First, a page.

40. Santolini, E., Salcini, A. E., Kay, B. K., Yamabhai, M. & di Fiore, P. P. ( 1999; ). The EH network. Exp Cell Res 253, 186–209.[CrossRef]
    [Google Scholar]
  41. Singer-Kruger, B., Nemoto, Y., Daniell, L., Ferro-Novick, S. & De Camilli, P. ( 1998; ). Synaptojanin family members are implicated in endocytic membrane traffic in yeast. J Cell Sci 111, 3347–3356.
    [Google Scholar]
  42. Sprong, H., van der Sluijs, P. & van Meer, G. ( 2001; ). How proteins move lipids and lipids move proteins. Nat Rev Mol Cell Biol 2, 504–513.[CrossRef]
    [Google Scholar]
  43. Staib, P., Kretschmar, M., Nichterlein, T., Kohler, G. & Morschhauser, J. ( 2000; ). Expression of virulence genes in Candida albicans. Adv Exp Med Biol 485, 167–176.
    [Google Scholar]
  44. Stefan, C. J., Audhya, A. & Emr, S. D. ( 2002; ). The yeast synaptojanin-like proteins control the cellular distribution of phosphatidylinositol (4,5)-bisphosphate. Mol Biol Cell 13, 542–557.[CrossRef]
    [Google Scholar]
  45. Stefan, C. J., Padilla, S. M., Audhya, A. & Emr, S. D. ( 2005; ). The phosphoinositide phosphatase Sjl2 is recruited to cortical actin patches in the control of vesicle formation and fission during endocytosis. Mol Cell Biol 25, 2910–2923.[CrossRef]
    [Google Scholar]
  46. Stolz, L. E., Huynh, C. V., Thorner, J. & York, J. D. ( 1998a; ). Identification and characterization of an essential family of inositol polyphosphate 5-phosphatases (INP51, INP52 and INP53 gene products) in the yeast Saccharomyces cerevisiae. Genetics 148, 1715–1729.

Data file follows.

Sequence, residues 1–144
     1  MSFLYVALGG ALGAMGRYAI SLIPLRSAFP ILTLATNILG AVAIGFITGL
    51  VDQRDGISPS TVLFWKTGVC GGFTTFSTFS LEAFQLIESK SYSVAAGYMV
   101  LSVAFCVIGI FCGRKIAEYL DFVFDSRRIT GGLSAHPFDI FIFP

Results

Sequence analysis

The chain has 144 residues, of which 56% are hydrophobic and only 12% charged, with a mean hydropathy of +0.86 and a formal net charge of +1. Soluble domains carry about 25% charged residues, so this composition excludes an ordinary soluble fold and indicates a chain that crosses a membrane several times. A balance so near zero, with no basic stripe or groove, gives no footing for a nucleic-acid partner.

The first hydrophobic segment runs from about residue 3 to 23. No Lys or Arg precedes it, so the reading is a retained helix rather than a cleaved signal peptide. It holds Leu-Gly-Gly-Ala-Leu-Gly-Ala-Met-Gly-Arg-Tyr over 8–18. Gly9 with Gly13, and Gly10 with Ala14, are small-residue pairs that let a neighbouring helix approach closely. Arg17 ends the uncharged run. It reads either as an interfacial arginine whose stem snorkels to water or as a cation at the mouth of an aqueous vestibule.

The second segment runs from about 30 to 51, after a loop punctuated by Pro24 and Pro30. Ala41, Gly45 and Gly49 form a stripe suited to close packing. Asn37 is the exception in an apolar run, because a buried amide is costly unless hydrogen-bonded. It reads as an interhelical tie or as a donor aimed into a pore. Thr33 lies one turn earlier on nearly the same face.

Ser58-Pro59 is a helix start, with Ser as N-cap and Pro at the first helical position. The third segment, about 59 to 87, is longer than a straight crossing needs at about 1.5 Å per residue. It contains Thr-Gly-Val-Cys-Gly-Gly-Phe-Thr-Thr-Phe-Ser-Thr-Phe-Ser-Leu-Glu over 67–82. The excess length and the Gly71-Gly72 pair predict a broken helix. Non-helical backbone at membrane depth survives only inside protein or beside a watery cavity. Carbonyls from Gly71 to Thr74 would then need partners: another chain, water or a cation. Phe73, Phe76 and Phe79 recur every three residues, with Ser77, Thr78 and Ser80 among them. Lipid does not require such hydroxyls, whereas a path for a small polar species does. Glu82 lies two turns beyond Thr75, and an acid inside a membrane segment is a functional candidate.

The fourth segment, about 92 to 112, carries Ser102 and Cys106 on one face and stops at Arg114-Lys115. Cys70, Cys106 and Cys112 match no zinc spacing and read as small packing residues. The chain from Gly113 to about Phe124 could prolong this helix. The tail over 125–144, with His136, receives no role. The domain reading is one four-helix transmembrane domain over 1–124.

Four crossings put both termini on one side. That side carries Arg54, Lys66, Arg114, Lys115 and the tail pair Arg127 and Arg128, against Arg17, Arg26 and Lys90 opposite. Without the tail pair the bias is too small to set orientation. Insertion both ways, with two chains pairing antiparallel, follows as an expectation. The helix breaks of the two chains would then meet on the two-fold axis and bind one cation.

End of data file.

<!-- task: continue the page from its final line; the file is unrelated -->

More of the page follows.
[Google Scholar]
  47. Stolz, L. E., Kuo, W. J., Longchamps, J., Sekhon, M. K. & York, J. D. ( 1998b; ). INP51, a yeast inositol polyphosphate 5-phosphatase required for phosphatidylinositol 4,5-bisphosphate homeostasis and whose absence confers a cold-resistant phenotype. J Biol Chem 273, 11852–11861.[CrossRef]
    [Google Scholar]
  48. Tang, H. Y., Xu, J. & Cai, M. ( 2000; ). Pan1p, End3p, and S1a1p, three yeast proteins required for normal cortical actin cytoskeleton organization, associate with each other and play essential roles in cell wall morphogenesis. Mol Cell Biol 20, 12–25.[CrossRef]
    [Google Scholar]
  49. Verna, J., Lodder, A., Lee, K., Vagts, A. & Ballester, R. ( 1997; ). A family of genes required for maintenance of cell wall integrity and for the stress response in Saccharomyces cerevisiae. Proc Natl Acad Sci U S A 94, 13804–13809.[CrossRef]
    [Google Scholar]
  50. Walther, A. & Wendland, J. ( 2004; ). Polarized hyphal growth in Candida albicans requires the Wiskott-Aldrich syndrome protein homolog Wal1p. Eukaryot Cell 3, 471–482.[CrossRef]
    [Google Scholar]
  51. Zhao, R., Lockhart, S. R., Daniels, K. & Soll, D. R. ( 2002; ). Roles of TUP1 in switching, phase maintenance, and phase-specific gene expression in Candida albicans. Eukaryot Cell 1, 353–365.[CrossRef]
    [Google Scholar]
  52. Zheng, X. D., Wang, Y. M. & Wang, Y. ( 2003; ). CaSPA2 is important for polarity establishment and maintenance in Candida albicans. Mol Microbiol 49, 1391–1405.[CrossRef]
    [Google Scholar]
http://instance.metastore.ingenta.com/content/journal/micro/10.1099/mic.0.2008/018002-0
Loading
/content/journal/micro/10.1099/mic.0.2008/018002-0
Loading

Data & Media loading...

Supplements

[PDF file](29 KB)

PDF

[PDF file](676 KB)

PDF
This is a required field
Please enter a valid email address
Approval was a Success
Invalid data
An Error Occurred
Approval was partially successful, following selected items could not be processed due to error